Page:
Brewer to DOT: Start Looking Into a Bus-Only 14th Street
Manhattan Borough President Gale Brewer is calling on DOT to study making 14th Street a bus-only thoroughfare while L train service is disrupted during Sandy-related repairs.
To allow for urgently-needed fixes to the L train tunnel, the MTA is considering either a full shutdown of service between Bedford Avenue and Eighth Avenue for 18 months, or a three-year variation that preserves about 20 percent of current service. At a press event this morning, the Riders Alliance revealed that most L train riders who responded to an online survey prefer to get it over with in 18 months — a position the MTA seems to share.
In either case, said Riders Alliance Deputy Director Nick Sifuentes, the city and the MTA need to take steps to keep people moving: “No matter what the MTA does, a shutdown will profoundly change transportation options for commuters on both sides of the East River.” Sifuentes said survey respondents “called broadly for robust, supplementary bus service in Manhattan and Brooklyn.”
In the survey, respondents suggested bus lanes in both Brooklyn and Manhattan and along the Williamsburg Bridge, as well as a number of other measures, including Citi Bike expansion, more capacity for bicycling on the Williamsburg Bridge, increased service on nearby subway lines, and increased ferry service.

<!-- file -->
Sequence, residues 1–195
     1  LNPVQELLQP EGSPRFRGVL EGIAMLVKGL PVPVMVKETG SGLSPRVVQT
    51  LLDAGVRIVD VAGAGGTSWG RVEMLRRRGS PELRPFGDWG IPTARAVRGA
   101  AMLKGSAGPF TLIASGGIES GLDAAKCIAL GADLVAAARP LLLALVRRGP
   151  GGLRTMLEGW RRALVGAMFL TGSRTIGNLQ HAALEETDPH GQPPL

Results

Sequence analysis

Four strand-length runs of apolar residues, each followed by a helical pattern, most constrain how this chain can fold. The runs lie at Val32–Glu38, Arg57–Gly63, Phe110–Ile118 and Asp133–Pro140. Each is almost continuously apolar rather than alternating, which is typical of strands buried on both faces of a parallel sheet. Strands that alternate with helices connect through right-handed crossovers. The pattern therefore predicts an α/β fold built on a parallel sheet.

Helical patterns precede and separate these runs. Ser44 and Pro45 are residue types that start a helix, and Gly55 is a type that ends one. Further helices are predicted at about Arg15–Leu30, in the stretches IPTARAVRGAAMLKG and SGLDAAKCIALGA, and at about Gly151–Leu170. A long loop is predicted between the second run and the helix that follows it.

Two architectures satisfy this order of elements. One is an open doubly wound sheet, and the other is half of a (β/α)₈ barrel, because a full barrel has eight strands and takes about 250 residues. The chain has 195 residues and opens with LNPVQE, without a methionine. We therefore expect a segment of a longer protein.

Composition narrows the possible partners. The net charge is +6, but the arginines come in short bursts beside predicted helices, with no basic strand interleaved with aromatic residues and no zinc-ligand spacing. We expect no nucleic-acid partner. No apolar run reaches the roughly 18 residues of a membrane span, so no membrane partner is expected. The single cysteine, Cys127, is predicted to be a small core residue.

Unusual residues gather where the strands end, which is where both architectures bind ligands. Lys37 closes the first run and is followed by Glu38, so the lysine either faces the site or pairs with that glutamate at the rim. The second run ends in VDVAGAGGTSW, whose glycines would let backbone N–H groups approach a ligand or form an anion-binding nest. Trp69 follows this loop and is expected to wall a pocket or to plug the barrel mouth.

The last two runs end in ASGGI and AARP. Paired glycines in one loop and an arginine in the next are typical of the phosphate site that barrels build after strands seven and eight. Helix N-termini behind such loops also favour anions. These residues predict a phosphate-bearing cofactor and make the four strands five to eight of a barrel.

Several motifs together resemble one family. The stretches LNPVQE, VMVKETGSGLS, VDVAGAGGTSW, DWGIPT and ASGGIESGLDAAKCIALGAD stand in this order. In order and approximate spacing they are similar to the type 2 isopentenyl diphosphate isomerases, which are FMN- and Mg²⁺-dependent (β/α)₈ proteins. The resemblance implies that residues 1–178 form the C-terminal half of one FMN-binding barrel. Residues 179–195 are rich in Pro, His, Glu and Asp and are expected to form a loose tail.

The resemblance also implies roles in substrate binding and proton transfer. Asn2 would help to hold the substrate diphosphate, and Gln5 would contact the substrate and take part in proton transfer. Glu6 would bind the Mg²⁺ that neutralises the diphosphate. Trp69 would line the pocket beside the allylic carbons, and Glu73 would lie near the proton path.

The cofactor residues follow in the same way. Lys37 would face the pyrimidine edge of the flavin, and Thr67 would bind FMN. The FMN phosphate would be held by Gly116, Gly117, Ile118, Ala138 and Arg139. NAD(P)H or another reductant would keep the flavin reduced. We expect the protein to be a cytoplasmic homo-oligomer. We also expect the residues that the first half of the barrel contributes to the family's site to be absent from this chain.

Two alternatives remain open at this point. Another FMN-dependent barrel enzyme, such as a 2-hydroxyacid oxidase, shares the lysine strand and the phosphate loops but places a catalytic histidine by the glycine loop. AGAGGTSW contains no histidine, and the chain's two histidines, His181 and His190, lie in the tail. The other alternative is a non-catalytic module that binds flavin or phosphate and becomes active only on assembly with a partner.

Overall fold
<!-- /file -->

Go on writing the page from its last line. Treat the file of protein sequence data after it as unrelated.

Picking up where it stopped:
“The shutdown will not be easy, but a robust set of alternatives would reduce the pain,” said Kate Slevin of the Regional Plan Association. “For example, 14th Street could become reserved for buses, pedestrians and bikes, and the Williamsburg Bridge could offer dedicated bike and bus routes. The MTA and DOT need to be bold.”
Brewer said the city and MTA need to put all options on the table for the sake of people and businesses on both sides of the East River. “Most importantly, we need a bus-only lane in each direction from the length of the Manhattan L train corridor,” she said.
Brewer did not explicitly endorse further steps but said the city has to consider every possibility. “What they need to do is a study quickly because whether it’s bus lanes, whether it’s a shutdown, obviously the current situation will not work because it’s jammed up, particularly [during] rush hour,” she said.
Officials have said that L train repairs will begin in 2019, which leaves enough time to implement car-free rights of way for buses and bikes in Manhattan and Brooklyn — if DOT and the MTA start making preparations soon.
Making 14th Street car-free to allow for robust surface transit has the support State Senator Brad Hoylman. Last week, the Daily News reported, Council Member Corey Johnson asked DOT Commissioner Polly Trottenberg about the concept, which he called “a good thing to look at.”
Trottenberg didn’t rule it out. “Everything is going to be on the table,” she said.